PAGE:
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The Provisions Of Section 44(2)(A) Of The Cybercrimes Act 2015 (As Amended) Vis-À-Vis The CBN’s Directive To Banks And Other Financial Institutions: Did CBN Get It Right?

Date:

INTRODUCTION

Within the last 48 hours, the attention of Nigerians have been on the recent Circular by the Central Bank of Nigeria (CBN) to banks and other financial institution under its regulatory purview to, within the next 2 week of the Circular, commence deduction of 0.5% levy on all electronic transaction by them and remit same to the National Cybersecurity Fund to be administered by the Office of the National Security Adviser (ONSA).

The directive was predicated upon the provision of Section 44(2)(a) of the Cybercrimes (Prohibition, Prevention etc) Act 2015 (as amended) {Cybercrimes Act} and the recent directive by the ONSA for the full implementation of the provision of Section 44(2)(a) of the Cybercrimes Act. The said directive of the ONSA was conveyed in a statement signed by its Head, Strategic Communication, Zakari Mijinyawa.

This writeup would, therefore, take a cursory look at the said provision of section 44(2)(a) of the Cybercrimes Act with a view to determine whether the CBN was right to have issued the said circular to institutions under its regulatory purview and whether or not the directives contained in the Circular are the correct interpretation of the provision of the Cybercrimes Act.

PROVISION OF SECTION 44(2)(A) OF CYBERCRIMES ACT 2015 (AS AMENDED)

Section 44 of the Cybercrimes Act establishes the National Cyber Security Fund and directed some businesses to remit 0.5% of all electronic transactions by them into the Fund. The Provision of section 44(1) and (2) of the Cybercrimes Act is reproduced hereunder for emphasis:

    1. (1) There is established a Fund, which shall be known as the National Cyber security Fund (in this Act referred to as “The Fund”).

(2) There shall be paid and credited into the Fund established under subsection (1) of this section and domiciled in the Central Bank of Nigeria:

      • a) A levy of 0.5% (0.005) equivalent to a half percent of all electronic transactions value by the businesses specified in the second schedule to this Act.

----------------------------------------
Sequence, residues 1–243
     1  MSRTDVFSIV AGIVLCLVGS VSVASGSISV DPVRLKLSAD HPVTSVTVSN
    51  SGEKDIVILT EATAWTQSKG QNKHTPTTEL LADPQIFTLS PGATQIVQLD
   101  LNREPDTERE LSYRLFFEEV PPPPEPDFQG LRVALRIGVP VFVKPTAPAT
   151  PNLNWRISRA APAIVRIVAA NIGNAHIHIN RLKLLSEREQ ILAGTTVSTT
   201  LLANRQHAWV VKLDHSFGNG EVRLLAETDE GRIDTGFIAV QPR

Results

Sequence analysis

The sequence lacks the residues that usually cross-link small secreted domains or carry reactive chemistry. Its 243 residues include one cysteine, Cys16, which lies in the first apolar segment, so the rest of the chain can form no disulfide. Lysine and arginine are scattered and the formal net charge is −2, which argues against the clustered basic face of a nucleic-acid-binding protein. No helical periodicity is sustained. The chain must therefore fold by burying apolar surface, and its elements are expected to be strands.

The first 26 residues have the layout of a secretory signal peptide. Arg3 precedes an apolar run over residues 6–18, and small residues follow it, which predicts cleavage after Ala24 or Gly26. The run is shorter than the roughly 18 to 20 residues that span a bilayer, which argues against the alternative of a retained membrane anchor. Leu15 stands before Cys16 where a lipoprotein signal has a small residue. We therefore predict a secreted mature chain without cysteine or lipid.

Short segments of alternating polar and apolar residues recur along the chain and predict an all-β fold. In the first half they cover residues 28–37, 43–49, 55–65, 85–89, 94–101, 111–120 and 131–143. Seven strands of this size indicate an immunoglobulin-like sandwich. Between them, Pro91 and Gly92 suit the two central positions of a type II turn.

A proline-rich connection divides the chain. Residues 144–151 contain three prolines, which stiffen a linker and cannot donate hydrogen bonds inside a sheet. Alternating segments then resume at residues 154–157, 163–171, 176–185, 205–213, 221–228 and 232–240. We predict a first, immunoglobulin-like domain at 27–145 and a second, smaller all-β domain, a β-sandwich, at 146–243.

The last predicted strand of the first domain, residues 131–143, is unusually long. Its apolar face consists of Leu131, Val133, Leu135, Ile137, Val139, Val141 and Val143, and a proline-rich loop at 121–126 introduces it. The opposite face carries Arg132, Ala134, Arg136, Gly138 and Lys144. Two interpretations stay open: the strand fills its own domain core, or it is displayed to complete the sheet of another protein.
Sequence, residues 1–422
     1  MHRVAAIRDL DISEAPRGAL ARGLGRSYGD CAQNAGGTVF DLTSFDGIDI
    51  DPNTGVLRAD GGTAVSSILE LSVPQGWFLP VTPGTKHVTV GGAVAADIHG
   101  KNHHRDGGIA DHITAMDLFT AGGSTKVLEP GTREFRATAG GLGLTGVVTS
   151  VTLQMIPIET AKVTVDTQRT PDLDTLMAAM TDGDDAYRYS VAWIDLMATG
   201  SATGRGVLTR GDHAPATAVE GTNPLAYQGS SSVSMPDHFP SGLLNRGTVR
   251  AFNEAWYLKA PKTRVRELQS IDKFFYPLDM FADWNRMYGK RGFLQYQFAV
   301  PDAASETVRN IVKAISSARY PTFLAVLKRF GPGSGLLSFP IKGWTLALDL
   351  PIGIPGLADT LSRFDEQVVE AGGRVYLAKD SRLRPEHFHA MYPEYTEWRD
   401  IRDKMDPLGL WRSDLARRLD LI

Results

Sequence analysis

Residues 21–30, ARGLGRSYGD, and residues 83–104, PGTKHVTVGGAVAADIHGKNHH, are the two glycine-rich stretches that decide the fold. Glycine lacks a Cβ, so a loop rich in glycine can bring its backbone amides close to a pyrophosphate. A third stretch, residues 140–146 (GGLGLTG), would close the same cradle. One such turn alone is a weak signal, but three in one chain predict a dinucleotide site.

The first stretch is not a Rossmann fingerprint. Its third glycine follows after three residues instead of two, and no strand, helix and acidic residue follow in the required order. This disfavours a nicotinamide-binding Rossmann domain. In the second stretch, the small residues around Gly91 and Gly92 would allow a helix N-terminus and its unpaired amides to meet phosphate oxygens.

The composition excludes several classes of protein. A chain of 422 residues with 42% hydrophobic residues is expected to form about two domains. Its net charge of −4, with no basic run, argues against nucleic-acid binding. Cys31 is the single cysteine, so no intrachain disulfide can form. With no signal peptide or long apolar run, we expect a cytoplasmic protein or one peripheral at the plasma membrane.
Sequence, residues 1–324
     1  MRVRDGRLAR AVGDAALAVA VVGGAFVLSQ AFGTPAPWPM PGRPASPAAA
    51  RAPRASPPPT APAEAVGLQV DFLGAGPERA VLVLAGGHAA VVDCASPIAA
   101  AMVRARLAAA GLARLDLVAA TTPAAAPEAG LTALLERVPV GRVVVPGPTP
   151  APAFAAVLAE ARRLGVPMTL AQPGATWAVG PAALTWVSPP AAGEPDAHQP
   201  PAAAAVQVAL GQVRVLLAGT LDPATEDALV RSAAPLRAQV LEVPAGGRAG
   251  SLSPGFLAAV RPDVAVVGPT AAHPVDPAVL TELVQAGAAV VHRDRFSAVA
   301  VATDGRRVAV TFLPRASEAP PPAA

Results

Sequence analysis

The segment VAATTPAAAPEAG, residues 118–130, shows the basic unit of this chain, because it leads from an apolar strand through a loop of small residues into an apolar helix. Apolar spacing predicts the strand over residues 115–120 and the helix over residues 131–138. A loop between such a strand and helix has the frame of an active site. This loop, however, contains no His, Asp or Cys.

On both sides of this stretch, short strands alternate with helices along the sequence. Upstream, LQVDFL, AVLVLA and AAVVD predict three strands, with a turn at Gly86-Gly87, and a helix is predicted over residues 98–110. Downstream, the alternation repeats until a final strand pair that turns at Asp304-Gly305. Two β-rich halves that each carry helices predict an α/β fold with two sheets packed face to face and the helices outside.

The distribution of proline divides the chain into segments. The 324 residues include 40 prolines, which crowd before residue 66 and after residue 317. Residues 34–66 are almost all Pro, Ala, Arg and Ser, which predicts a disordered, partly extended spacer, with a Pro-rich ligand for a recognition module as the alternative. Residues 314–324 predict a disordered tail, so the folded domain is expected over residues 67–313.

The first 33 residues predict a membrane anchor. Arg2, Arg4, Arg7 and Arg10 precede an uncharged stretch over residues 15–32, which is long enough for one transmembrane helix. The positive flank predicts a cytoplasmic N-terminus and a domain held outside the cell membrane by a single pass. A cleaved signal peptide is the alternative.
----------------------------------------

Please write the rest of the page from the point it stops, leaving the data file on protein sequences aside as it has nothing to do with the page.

The Second Schedule to the Cybercrimes Act listed these businesses where it states:

Businesses which section 44 (2)(a) refers to are:

(a) GSM Service providers and all telecommunication companies;

(b) Internet Service Providers;

(c) Banks and other Financial Institutions;

(d) Insurance Companies;

(e) Nigerian Stock Exchange.

CBN DIRECTIVE ON THE LEVY

By virtue of the provision of section 29(1) of the Banks and Other Financial Institutions Act 2020 (BOFI Act) the CBN has exclusive regulatory and supervisory power over banks, other financial institutions and specialised banks.

 Furthermore, Section 30 of BOFI Act empowers the CBN Governor to issue regulations, guidelines and policies to banks, specialised banks and other financial institutions in Nigeria.

It is in the exercise of these statutory powers that the CBN issued the Circular under reference. For the purposes of emphasis, the content of the said Circular is reproduced hereunder:

The earlier Central Bank of Nigeria (CBN) circular and Letter to all Banks dated June 25, 2018 (Ref: BPS/DIR/GEN/CIR/05/008) and October 5, 2018 (Ref: BSD/DIR/GEN/LAB/11/023) respectively on compliance with the Cybercrimes (Prohibition, Prevention, Etc.) Act 2015 refer. The recent public engagements by the Office of the National Security Adviser (ONSA) on the above subject, also refers.

Following the enactment of the Cybercrime (Prohibition, Prevention, etc) (amendment) Act 2024 and pursuant to the provision of Section 44 (2)(a) of the Act, “a levy of 0.5% (0.005) equivalent to a half percent of all electronic transactions value by the business specified in the Second Schedule of the Act“, is to be remitted to the National Cybersecurity Fund (NCF), which shall be administered by the Office of the National Security Adviser (ONSA).

Accordingly, all Banks, Other Financial Institutions and Payments Service Providers are hereby required to implement the above provision of the Act as follows:

    1. The levy shall be applied at the point of electronic transfer origination, then deducted and remitted by the financial institution.
    2. The deducted amount shall be reflected in the customer’s account with the narration: “Cybersecurity Levy”.
    3. Deductions shall commence within two (2) weeks from the date of this circular for all financial institutions and the monthly remittance of the levies collected in bulk to the NCF account domiciled at the CBN by the 5th business day of every subsequent month.
    4. System reconfigurations towards ensuring complete and timely submission of remittance files to the Nigeria Interbank Settlement System (NIBSS) PIc shall be completed as follows:
    5. Within four (4) weeks of this circular – Commercial, Merchant, Non-Interest and Payment Service Banks; And Mobile Money Operators.
    6. Within eight (8) weeks of this circular – all Other Financial Institutions (Microfinance banks, Primary Mortgage banks, Development Finance Institutions).
    7. Exemptions – To avoid multiple application of the levy on the same transaction/transfer, Appendix 1 (attached) captures transactions currently deemed eligible and are exempted from the application of the levy
    8. Penalties for Non-compliance

Section 44 (8) of the Act prescribes that failure to remit the levy is an offence and is liable on conviction to a fine of not less than 2% of the annual turnover of the defaulting business, amongst others.